Whole New World

ELL students explore a new language and culture

Listening to their teacher explain the lesson, ELL student quietly take notes in class.

Maryam Majid

Listening to their teacher explain the lesson, ELL student quietly take notes in class. "I teach students that are coming from a different country that speak a different language with different levels of English," ELL teacher Margareta Cernev said.

Maryam Majid

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Walking into room 1403 with a scheduled interview with the ELL teacher and some of her students, I already knew it was probably going to be one of my most interesting interviews this year. This story wasn’t about some every day, unyielding news event. It was about students that blend in so unnoticeably with the rest of us, that it’s hard to tell their only difference is the language they can speak.

“My first language is Spanish and I’m from El Salvador,” junior Maritza Alejandra Lopez Moran started off. “In my country I studied English since I was 10 years old but we only did a lot of grammar and writing, not speaking. When I came here I learned to speak in English more”.

Speaking in English back in El Salvador is hardly necessary when everyone you know can speak fluent Spanish. Kind of like in Spanish classes here in America, where the majority of students rarely bother to speak Spanish unless they’re taking their summative oral test. So imagine moving to a Spanish speaking country with Spanish 2 speaking skills.

“I felt a little sad because I had to leave all my friends and family, but I was happy because I haven’t seen my mother in two years and I got to see her again,” Maritza’s sister, freshman Josselyn Amelia Lopez Moran continued.

The journey with a new language seemed to differ for sophomore twins Khasan and Khusain Valiev. Unlike the Morans, they hadn’t previously practiced a lot of English back in their home country Tajikistan.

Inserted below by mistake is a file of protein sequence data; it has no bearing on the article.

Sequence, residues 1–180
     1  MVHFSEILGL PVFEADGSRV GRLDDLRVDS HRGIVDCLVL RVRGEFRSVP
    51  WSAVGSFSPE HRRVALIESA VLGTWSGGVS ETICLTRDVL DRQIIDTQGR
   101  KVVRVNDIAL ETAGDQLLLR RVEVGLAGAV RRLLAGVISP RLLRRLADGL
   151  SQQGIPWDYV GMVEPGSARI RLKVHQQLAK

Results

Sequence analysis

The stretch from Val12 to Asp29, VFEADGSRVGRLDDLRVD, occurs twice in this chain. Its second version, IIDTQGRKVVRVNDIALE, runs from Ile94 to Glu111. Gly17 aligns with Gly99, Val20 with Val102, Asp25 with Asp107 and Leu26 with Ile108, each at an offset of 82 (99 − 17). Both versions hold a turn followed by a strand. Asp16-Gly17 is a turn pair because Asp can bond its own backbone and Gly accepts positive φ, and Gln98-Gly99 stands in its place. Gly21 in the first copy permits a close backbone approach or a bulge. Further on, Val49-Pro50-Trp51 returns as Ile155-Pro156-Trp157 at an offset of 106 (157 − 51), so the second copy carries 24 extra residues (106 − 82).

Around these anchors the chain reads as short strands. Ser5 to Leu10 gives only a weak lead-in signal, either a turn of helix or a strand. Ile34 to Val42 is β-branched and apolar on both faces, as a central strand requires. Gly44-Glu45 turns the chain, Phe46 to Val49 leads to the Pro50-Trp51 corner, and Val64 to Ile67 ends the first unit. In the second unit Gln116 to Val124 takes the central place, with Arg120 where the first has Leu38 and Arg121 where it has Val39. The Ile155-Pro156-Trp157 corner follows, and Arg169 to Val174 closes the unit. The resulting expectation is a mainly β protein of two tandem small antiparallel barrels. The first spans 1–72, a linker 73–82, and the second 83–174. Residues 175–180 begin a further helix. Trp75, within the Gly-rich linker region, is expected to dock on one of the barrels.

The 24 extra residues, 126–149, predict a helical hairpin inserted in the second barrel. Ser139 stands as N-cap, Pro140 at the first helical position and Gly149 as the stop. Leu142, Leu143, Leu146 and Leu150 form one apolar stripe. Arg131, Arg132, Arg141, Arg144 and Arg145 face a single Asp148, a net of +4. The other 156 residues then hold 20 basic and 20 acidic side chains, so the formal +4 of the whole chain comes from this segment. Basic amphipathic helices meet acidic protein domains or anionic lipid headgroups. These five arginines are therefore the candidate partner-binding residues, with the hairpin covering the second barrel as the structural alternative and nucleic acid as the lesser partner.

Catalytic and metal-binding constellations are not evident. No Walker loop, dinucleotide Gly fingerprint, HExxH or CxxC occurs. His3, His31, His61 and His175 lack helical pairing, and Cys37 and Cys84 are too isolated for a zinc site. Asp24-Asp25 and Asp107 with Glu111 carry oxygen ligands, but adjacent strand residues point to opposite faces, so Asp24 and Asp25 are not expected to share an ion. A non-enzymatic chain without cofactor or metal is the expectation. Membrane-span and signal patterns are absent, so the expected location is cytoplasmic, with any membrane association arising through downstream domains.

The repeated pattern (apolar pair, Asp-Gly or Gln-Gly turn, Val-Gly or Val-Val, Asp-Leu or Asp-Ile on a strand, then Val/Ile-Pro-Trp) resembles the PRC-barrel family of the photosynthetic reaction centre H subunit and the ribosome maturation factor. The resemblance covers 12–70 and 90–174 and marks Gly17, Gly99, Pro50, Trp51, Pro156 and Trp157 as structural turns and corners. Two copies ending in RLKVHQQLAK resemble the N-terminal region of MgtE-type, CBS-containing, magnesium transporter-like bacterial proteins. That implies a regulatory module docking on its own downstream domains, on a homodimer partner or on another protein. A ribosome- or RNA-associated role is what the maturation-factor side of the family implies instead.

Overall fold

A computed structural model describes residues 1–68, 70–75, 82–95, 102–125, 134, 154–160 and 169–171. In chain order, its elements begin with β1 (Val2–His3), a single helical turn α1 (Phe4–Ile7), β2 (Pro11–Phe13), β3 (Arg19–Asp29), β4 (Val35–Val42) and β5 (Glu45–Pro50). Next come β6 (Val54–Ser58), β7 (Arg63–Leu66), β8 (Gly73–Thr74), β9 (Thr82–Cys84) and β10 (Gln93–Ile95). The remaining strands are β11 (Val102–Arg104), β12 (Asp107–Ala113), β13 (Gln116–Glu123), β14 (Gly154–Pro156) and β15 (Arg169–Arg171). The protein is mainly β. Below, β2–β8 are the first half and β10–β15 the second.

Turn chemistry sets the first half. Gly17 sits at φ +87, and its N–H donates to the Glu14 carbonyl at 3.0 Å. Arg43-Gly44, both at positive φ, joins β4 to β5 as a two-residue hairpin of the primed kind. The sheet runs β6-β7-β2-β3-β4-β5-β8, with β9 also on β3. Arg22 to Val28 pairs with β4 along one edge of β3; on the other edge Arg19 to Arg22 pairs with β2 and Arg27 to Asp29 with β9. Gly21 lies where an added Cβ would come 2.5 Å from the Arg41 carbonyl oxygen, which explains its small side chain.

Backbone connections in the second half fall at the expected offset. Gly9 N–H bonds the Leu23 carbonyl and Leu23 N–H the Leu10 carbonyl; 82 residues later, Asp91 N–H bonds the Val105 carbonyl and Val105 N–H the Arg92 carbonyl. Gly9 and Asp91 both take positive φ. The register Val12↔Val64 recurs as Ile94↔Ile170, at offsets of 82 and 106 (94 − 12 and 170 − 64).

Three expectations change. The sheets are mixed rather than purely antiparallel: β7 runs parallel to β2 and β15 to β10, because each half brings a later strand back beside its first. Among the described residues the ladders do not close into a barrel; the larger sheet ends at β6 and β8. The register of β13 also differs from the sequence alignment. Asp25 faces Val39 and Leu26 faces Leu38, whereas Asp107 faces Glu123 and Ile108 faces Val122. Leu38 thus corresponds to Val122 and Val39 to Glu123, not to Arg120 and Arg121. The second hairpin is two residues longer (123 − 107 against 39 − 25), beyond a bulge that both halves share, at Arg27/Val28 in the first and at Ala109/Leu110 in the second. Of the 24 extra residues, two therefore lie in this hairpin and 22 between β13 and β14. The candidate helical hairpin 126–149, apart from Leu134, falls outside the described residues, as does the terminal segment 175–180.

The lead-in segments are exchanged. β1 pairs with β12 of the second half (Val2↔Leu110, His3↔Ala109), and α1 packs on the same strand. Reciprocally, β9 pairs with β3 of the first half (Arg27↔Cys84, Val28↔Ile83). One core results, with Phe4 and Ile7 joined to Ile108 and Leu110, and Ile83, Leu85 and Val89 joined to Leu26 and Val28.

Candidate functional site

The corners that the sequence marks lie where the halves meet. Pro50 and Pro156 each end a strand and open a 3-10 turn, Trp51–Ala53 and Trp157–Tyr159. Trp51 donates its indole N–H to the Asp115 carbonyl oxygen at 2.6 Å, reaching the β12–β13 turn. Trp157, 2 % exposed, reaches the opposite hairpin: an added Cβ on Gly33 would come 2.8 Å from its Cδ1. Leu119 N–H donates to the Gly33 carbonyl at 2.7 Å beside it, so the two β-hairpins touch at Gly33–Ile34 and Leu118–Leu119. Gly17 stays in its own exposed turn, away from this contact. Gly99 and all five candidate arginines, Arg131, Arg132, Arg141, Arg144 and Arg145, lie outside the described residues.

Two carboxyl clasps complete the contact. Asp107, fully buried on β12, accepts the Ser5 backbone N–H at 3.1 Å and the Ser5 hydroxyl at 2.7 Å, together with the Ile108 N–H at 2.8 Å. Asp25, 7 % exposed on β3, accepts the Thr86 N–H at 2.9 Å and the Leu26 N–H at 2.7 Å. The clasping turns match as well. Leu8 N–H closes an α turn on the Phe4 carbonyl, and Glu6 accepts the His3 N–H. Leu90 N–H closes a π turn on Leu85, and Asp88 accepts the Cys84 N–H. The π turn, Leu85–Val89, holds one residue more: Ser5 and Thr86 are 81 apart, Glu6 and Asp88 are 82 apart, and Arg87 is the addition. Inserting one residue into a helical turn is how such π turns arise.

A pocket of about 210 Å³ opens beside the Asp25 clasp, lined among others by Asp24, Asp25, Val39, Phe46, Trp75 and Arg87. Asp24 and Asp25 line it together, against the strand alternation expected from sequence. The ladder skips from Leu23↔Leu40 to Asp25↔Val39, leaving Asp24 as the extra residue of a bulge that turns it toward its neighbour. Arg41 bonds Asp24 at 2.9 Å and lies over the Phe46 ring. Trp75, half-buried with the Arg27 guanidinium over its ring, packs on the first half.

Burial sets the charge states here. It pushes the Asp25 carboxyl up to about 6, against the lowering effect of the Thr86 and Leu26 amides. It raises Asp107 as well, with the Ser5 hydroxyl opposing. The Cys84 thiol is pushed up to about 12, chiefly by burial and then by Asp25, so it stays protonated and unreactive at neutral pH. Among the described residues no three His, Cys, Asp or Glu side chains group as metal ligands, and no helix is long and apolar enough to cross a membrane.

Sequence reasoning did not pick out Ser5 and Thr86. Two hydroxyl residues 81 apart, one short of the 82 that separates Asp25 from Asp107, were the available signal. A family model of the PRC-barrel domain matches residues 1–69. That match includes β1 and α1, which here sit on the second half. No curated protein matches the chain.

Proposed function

“My first language is our Tajik language. I also speak Russian and some German. I am learning English,” Khasan Valiev said, carefully structuring his sentence. “My family is in Tajikistan but I came with my brother here”.

The Valiev brothers had started a new life in a foreign country, consequently introduced to a whole new culture and even a new language. Their feelings on their move to America were comparably similar.

“At first when I moved last year, it was a new country and it was okay but now I know more about America and it feels like Tajikistan to me,” Khasan’s twin, Khusain Valiev concluded with a small smile.

The ELL teacher, Margareta Cernev has a foreign descent of her own and briefly discussed her primary Romanian language as well as other languages she had gotten to teach over the years such as Russian, French, and Polish. When asked about her current students, she had nothing but positive remarks to share.

“They’re really friendly with each other and they really like to help and go beyond the needs of this school,” Cernev said. “For example, last night (Back to School Night), they came to the school and helped translate for parents who were coming from different cultures.”

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Whole New World